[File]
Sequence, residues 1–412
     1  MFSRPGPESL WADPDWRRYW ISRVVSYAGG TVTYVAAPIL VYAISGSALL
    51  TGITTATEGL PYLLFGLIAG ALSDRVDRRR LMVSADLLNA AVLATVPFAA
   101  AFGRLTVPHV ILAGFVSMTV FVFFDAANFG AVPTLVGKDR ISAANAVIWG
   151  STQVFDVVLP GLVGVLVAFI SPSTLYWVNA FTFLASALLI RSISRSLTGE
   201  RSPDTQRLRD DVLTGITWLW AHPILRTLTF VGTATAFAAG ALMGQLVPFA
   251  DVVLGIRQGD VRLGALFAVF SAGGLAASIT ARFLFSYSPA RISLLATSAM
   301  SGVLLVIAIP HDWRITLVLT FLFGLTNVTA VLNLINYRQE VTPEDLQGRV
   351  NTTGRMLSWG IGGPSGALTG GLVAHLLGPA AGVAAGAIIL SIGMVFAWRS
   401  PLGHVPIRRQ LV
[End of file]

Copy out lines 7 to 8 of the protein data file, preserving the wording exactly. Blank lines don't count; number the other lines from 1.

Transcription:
   251  DVVLGIRQGD VRLGALFAVF SAGGLAASIT ARFLFSYSPA RISLLATSAM
   301  SGVLLVIAIP HDWRITLVLT FLFGLTNVTA VLNLINYRQE VTPEDLQGRV